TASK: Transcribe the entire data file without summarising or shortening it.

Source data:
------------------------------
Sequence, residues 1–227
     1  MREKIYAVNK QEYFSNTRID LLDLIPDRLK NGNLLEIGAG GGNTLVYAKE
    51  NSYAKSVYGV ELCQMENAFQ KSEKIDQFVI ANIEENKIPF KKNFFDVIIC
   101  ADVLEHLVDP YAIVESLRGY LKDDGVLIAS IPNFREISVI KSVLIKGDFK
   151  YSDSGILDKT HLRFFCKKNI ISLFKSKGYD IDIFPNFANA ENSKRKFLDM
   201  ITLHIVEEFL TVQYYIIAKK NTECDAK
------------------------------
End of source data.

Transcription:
Sequence, residues 1–227
     1  MREKIYAVNK QEYFSNTRID LLDLIPDRLK NGNLLEIGAG GGNTLVYAKE
    51  NSYAKSVYGV ELCQMENAFQ KSEKIDQFVI ANIEENKIPF KKNFFDVIIC
   101  ADVLEHLVDP YAIVESLRGY LKDDGVLIAS IPNFREISVI KSVLIKGDFK
   151  YSDSGILDKT HLRFFCKKNI ISLFKSKGYD IDIFPNFANA ENSKRKFLDM
   201  ITLHIVEEFL TVQYYIIAKK NTECDAK